I have been talking to campus leadership about how we might best prepare to support our students, regardless of what side of the issue they (or we) may be on. Vice Chancellor Farrah-Marie Gomes’s message to the campus last month contained valuable information about support services for students. As a reminder, if you encounter a UH Hilo student in need of support, you may refer them to Counseling Services, to talk with counseling professionals for free. To make a referral, please visit the Counseling Services website, call 932-7465, or email firstname.lastname@example.org.
As challenging as it may be right now, I ask that you remember the good work we do, the students we serve, and the future which we build together. There are many of you whom I have not had the pleasure of meeting yet and I look forward to doing so over the coming weeks and months as we continue to build together a university and community that will serve Hawai‘i well into the future.
As I begin my tenure as chancellor at the University of Hawai‘i at Hilo, I find a campus community hard at work preparing to develop a new strategic plan. Through a series of over 40 discussions that began last fall with faculty, staff, students and the local community, information is being gleaned and groundwork laid to produce a collaborative plan to achieve the highest of aspirations.
My favorite definition of leadership is that it is a process of moving an organization from its current reality to its aspirations. My first task at UH Hilo is to listen and learn what the campus and community aspirations are and then focus our energy toward achieving them, all the while making sure we are ambitious enough in those aspirations to really help the island with its needs—economic, educational, and cultural—while also protecting the ‘āina through sustainable activities.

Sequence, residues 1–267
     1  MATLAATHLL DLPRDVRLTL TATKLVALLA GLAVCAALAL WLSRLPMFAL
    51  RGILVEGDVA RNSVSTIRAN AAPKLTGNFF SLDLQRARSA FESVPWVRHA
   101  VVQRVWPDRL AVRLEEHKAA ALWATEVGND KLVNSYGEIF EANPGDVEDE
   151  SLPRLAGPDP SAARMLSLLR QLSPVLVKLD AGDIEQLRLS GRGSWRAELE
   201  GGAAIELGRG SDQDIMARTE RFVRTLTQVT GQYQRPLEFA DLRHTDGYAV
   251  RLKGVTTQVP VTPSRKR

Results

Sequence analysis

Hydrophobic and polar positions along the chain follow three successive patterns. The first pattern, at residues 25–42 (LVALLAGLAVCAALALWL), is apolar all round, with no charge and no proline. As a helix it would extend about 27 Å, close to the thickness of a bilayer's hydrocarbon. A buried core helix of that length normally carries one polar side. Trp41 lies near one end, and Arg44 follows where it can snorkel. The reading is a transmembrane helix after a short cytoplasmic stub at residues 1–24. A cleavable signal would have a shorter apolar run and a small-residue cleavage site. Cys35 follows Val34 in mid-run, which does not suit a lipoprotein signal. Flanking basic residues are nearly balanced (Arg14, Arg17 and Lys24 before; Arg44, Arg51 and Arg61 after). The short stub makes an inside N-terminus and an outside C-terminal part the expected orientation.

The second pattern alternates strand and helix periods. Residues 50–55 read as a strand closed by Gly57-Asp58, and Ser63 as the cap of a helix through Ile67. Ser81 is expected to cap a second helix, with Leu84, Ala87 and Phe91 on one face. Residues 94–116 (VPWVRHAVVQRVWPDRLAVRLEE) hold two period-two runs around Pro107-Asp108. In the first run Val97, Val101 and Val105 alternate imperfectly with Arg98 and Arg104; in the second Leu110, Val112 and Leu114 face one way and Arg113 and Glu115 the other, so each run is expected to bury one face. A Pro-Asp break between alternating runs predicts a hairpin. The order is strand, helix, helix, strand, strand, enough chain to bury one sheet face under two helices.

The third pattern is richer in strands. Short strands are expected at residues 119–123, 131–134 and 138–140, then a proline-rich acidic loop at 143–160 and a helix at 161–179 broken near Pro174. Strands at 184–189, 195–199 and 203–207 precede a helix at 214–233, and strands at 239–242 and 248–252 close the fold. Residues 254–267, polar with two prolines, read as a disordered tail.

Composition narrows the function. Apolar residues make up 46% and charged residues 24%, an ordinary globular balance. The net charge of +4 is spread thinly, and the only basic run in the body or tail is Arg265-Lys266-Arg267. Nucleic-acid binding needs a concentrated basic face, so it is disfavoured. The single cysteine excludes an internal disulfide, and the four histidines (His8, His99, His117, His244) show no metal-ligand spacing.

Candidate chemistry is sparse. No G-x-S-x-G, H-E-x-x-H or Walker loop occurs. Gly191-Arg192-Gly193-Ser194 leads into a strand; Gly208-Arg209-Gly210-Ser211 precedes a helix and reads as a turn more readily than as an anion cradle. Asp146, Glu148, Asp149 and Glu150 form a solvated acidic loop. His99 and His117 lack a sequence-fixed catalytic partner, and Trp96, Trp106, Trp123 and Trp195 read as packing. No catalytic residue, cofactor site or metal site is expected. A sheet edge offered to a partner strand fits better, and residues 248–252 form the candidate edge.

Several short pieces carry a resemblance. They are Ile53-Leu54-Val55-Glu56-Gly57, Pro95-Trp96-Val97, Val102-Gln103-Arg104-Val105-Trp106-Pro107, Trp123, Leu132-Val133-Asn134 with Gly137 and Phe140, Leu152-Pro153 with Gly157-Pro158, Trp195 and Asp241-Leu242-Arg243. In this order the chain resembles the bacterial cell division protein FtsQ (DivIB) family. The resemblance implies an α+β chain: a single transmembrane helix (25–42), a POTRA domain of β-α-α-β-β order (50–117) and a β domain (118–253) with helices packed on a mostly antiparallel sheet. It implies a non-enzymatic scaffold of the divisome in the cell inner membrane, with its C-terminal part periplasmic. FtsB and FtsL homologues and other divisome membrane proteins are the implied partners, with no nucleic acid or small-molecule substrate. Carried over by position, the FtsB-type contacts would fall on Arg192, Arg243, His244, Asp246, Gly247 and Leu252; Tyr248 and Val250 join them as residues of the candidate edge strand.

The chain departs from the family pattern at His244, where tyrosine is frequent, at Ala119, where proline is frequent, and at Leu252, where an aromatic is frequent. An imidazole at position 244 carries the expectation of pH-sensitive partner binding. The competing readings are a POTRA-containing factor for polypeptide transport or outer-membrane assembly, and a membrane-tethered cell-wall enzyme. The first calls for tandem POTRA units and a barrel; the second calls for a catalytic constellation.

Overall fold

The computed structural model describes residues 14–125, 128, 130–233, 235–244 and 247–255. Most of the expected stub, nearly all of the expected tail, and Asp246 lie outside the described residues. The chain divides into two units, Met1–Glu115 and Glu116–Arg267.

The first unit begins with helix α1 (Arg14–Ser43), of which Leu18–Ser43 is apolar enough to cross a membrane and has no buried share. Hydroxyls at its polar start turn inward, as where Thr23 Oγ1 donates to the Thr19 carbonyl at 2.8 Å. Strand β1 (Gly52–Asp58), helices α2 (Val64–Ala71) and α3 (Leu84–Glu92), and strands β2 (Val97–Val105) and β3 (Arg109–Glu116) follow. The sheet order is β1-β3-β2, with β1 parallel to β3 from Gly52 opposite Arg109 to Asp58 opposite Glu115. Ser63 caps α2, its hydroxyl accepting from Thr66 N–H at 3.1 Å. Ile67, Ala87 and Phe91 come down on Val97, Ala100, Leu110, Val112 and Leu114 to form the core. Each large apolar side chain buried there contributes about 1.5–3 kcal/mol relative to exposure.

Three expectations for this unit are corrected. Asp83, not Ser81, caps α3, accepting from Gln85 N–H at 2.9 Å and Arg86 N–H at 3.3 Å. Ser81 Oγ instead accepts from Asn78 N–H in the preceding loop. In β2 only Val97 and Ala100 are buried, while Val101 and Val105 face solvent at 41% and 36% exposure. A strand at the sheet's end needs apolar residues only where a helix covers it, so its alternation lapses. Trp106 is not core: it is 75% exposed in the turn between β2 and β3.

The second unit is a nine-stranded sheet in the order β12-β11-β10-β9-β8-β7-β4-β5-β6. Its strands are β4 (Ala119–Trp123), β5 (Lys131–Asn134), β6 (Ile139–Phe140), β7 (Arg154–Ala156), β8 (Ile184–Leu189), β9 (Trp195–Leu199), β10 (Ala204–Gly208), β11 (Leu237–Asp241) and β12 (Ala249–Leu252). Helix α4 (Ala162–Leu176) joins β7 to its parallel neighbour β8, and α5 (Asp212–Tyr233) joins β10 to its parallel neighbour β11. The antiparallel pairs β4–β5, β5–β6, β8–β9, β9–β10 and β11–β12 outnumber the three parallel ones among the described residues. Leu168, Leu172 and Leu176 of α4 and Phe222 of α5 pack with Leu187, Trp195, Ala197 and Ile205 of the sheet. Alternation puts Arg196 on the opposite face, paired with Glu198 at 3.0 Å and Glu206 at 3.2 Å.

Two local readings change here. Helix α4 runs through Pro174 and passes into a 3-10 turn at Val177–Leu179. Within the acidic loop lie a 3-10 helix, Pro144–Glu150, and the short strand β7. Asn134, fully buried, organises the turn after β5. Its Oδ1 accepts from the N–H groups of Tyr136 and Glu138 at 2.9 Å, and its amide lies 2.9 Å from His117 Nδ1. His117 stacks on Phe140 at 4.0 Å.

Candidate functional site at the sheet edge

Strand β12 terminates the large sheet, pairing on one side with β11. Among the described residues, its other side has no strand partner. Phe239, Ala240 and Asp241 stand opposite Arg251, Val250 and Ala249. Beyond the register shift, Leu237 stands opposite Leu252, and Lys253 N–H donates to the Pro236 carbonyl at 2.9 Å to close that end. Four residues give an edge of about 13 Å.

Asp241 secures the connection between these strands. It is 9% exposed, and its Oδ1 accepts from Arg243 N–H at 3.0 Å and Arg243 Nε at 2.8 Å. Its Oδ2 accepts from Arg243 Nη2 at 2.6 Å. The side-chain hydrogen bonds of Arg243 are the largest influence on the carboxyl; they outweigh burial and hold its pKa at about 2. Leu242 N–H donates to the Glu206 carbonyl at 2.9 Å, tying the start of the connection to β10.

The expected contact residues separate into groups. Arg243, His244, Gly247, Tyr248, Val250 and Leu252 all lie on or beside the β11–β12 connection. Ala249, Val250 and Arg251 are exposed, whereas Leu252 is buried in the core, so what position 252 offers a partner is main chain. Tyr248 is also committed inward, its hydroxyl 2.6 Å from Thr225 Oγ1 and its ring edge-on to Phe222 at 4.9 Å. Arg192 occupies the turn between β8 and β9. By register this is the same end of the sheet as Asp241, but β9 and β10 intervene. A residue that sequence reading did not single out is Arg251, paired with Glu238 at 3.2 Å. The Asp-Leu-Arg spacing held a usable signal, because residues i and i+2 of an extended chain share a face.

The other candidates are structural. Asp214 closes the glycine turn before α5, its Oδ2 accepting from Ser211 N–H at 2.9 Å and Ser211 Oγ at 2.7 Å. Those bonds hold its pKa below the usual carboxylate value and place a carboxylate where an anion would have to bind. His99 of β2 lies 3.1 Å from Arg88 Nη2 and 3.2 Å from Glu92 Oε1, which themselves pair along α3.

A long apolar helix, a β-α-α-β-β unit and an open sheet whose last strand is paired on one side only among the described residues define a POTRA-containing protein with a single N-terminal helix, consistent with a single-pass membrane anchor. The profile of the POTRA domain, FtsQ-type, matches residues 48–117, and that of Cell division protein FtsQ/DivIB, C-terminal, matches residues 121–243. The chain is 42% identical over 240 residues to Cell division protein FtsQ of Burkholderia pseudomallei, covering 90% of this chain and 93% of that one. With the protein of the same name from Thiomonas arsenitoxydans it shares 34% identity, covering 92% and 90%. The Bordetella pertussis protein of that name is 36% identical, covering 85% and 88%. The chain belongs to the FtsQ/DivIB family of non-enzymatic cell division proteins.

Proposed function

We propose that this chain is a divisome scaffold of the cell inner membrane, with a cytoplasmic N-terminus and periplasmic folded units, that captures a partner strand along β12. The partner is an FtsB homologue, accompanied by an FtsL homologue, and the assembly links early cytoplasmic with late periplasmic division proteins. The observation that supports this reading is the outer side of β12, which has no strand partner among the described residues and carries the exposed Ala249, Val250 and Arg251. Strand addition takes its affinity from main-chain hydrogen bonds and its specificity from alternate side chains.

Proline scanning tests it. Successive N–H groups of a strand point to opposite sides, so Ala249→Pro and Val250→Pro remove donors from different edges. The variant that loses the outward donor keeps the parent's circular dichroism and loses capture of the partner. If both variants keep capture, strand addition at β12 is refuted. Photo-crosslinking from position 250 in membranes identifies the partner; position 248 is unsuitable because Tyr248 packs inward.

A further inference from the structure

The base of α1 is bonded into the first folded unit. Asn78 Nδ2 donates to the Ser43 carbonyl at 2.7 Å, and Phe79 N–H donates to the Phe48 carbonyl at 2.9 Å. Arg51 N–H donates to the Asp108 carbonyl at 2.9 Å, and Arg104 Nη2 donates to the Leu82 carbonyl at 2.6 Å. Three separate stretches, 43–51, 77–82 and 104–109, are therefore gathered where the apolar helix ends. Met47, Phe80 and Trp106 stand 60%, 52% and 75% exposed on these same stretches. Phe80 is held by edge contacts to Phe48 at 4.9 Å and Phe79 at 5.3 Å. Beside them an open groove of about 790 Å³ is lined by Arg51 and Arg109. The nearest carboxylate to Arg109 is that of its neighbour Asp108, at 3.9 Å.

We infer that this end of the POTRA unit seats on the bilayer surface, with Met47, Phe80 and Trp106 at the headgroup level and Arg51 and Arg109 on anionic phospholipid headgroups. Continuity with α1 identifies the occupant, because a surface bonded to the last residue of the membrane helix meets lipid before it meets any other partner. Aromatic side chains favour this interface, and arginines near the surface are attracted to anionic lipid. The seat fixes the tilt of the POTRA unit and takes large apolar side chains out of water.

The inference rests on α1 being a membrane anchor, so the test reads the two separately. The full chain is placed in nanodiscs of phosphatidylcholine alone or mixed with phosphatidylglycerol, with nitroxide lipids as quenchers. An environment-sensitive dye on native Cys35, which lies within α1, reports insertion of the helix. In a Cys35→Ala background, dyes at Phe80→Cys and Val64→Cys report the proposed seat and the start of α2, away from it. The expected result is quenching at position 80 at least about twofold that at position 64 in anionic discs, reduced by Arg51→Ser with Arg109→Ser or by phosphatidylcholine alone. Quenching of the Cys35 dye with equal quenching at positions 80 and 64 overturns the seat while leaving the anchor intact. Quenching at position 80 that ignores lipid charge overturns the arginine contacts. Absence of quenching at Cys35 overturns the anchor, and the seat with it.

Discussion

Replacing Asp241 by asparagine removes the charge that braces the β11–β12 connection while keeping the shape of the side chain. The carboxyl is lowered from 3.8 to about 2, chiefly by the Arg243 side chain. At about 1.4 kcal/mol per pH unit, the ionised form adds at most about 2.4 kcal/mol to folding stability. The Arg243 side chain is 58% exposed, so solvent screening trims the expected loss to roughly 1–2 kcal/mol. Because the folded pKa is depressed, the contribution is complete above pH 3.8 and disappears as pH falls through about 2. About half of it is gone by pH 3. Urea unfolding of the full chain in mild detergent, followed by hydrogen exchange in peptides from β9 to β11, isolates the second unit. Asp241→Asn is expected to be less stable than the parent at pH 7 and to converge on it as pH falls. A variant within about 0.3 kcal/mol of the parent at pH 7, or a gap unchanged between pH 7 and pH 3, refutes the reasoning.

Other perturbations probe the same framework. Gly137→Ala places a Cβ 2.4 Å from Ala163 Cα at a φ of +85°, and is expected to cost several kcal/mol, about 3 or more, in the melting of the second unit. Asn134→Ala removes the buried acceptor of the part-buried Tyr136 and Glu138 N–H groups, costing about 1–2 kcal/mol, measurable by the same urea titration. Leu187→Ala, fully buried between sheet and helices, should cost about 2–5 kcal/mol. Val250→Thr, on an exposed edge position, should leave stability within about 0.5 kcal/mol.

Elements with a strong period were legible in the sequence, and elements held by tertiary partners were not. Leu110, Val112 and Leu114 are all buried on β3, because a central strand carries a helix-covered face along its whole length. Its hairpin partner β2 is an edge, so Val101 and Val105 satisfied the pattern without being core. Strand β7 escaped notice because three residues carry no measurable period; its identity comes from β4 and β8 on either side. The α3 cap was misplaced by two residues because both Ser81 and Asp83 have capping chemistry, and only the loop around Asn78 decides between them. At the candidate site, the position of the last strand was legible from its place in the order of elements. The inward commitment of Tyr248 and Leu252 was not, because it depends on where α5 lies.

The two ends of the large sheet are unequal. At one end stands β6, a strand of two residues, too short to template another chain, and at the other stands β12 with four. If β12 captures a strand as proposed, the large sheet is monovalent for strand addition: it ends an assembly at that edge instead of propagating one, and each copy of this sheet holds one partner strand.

I take this responsibility to heart. I strongly believe in the concept of regional stewardship for comprehensive universities: i.e., that a primary mission of our campus is to lift up the region, in this case Hawai‘i Island. One of the reasons I wanted to come to UH Hilo is because of our unique cultural emphasis in programs and curriculum, notably the acclaimed work being done to revitalize Native Hawaiian language and culture for the benefit of not only Hawai‘i’s indigenous people but also everyone in the state. The future of our university and our local community are inextricably linked.
Let me share some thoughts about where my attention is already focused.
I envision UH Hilo as a gateway for upward mobility. This means educating and preparing our students for meaningful employment that not only brings them a high quality of life but also lifts up their families and communities. One effective way to prepare students for important regional work is to increase student engagement in applied learning and independent research for benefit of the community and the environment; UH Hilo already excels at this in several fields and I would like to explore ways to open up this opportunity to even more students.
Traditionally we think of higher education as preparing young women and men for their future, but national trends are moving toward developing a new higher education model that also meets the needs of non-traditional students returning to finish a degree. This is a challenge facing universities throughout the country and if we want to stay current, we will need to adapt to this emerging trend not only to properly serve our region but also to thrive as an institution of higher education.